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Making Greens The Main Event: Why Leafy Greens Matter to Your Health

Green and leafy vegetables

“Eat more greens” is a phrase we’ve all come to know fairly well. It’s a saying that has been repeated throughout many people’s childhoods, by doctors and other healthcare professionals. Yet many of us still struggle with incorporating green vegetables into our diets, despite the many positive health benefits. Many Americans find it daunting to incorporate greens into their diets, especially if they don’t have experience picking them out or cooking them.

Many people in America face this conundrum on a daily basis and often settle for a few servings of leafy greens per week. While it’s recommended to eat five or more servings of vegetables a day, most people struggle to get just one or two. So, why do greens matter and how can you be sure you’re choosing the right ones?

Why Greens Matter

Leafy green vegetables matter because of the wealth of health benefits they provide, both in raw and cooked form. Compared to other vegetables, leafy greens are packed full of antioxidants but are low in calories, low on the glycemic index and very high in fiber. Leafy green vegetables are loaded with key nutrients, not to mention they are versatile and can be incorporated into a variety of dishes. Leafy greens contain high levels of lutein, which promotes good eye and heart health, and beta-carotene, which promotes bone health and the immune system. Greens also contain much needed nutrients like Vitamin A, C, and E and even calcium. In addition, dark leafy greens act as antioxidants in your body, removing free radicals before they become harmful. High in fiber, leafy greens are a great addition to meals that will keep you full for longer while also providing your body with much needed nutrients that aren’t found in processed foods.

Consistency is key when eating greens, and not so much what kinds you choose. While kale and collards are often touted as “superfoods,” all leafy greens are healthy alternatives to starchy vegetables, simple carbohydrates and processed foods. Greens are versatile, meaning they can be incorporated into meals throughout the day. Mix things up by trying out different types of greens week by week, such as switching your base for salad from romaine lettuce to spinach to kale.

Choosing Your Greens

Since there are many varieties of leafy green vegetables, it can be tough to decide where to start. First and foremost, look for greens that are in season and look fresh. Dense leafy greens like mustard greens and Swiss chard grow abundantly in cold winter months when other fruits and vegetables can be scarce. Arugula, romaine lettuce and radicchio are abundant in warmer months or sold as mixed greens in pre-washed packages and are quick alternatives to the denser varieties that require some prepping. To avoid getting bored with the same kind of greens, choose a “green of the week” as an addition to salads, soups and pasta.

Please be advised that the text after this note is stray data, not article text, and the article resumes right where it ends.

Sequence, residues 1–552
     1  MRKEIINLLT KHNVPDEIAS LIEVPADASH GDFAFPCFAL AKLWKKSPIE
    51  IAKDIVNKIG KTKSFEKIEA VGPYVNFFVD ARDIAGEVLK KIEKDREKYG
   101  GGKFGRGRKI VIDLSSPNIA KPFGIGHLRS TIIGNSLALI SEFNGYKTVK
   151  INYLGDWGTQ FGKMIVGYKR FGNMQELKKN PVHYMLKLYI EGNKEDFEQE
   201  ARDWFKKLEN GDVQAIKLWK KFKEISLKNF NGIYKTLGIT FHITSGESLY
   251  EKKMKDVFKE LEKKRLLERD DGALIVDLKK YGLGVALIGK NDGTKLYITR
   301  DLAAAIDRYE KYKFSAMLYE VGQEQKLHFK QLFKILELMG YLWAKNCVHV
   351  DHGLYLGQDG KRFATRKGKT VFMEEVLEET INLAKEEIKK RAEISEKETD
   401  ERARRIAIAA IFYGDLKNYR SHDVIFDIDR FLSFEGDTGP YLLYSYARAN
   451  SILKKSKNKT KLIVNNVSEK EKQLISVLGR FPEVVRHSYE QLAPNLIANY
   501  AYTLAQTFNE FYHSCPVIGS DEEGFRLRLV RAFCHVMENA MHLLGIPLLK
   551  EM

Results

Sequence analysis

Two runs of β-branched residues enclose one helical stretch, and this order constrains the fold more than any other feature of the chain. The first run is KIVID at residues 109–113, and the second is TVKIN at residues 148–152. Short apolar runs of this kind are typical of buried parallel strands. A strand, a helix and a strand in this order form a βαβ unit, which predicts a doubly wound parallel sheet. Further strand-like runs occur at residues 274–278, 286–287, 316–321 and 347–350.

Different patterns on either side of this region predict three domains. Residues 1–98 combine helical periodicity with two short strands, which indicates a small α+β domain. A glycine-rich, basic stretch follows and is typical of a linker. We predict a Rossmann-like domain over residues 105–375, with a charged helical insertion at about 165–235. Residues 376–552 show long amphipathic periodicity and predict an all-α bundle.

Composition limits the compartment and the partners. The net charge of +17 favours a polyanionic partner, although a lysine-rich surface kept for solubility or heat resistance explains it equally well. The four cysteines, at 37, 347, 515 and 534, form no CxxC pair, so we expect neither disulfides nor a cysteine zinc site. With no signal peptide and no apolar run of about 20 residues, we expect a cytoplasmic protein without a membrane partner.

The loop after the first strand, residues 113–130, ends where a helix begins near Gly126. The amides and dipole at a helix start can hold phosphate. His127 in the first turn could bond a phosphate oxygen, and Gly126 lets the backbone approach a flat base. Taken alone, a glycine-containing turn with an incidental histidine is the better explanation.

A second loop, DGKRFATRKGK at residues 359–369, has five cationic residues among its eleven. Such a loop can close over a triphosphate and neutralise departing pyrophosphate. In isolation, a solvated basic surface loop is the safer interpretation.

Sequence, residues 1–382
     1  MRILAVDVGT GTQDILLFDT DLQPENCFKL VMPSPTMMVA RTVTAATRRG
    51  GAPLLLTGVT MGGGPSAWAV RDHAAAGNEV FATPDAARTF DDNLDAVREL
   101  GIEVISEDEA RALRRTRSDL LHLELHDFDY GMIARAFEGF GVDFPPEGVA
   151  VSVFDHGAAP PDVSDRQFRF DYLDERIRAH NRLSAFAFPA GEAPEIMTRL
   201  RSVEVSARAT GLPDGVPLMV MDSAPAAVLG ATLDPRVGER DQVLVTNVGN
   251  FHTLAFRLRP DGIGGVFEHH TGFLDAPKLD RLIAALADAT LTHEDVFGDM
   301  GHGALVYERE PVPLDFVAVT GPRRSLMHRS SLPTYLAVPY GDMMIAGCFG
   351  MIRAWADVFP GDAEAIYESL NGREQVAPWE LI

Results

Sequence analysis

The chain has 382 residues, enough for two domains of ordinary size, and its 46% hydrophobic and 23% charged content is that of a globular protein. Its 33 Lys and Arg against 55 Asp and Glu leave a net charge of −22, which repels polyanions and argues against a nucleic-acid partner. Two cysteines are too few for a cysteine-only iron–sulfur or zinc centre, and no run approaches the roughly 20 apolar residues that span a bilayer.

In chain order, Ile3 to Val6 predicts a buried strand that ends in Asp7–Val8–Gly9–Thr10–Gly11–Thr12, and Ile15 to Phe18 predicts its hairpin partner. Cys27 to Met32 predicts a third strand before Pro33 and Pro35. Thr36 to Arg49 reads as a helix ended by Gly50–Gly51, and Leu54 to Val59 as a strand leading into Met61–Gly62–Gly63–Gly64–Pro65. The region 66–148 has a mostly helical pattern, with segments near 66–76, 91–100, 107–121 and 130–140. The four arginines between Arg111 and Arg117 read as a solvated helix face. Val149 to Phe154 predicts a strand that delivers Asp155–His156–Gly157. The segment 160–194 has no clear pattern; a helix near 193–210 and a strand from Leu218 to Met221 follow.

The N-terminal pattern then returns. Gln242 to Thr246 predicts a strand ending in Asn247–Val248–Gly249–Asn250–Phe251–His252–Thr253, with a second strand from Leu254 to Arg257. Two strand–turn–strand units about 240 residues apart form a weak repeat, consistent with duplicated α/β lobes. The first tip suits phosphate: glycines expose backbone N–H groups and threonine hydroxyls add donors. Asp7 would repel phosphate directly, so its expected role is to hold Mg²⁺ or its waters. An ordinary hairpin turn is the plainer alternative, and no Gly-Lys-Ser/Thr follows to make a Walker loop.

How to Prep, Eat and Serve Greens 

There isn’t a universal method for cooking greens, but there is a general rule of thumb when it comes to tender greens versus tough ones. For chards, collards and varieties of kale, remove the fibrous stems and cook down the leaves by sautéing them with olive oil and seasonings, such as garlic or ginger. If you prefer them raw, finely chop your greens and soften them by “massaging” olive oil into the leaves and letting it marinade until the leaves are less dense. For softer varieties like spinach and bok choy, consume them raw or top off soups and salads with them.

Greens also go great in smoothies and are virtually undetectable when mixed with fruit. Try adding a handful of raw kale or spinach to your next fruit smoothie for a boost of vitamins without any vegetable flavor. Leafy greens can also be cooked alongside eggs or tofu in breakfast scrambles or omelets and pair deliciously with other vegetables like mushrooms or bell peppers. The next time you buy beets, carrots or turnips, don’t throw away the tops! Root vegetable tops are all edible greens that are tender enough to consume raw. By adding greens to just one meal each day, you can contribute to a healthier you.

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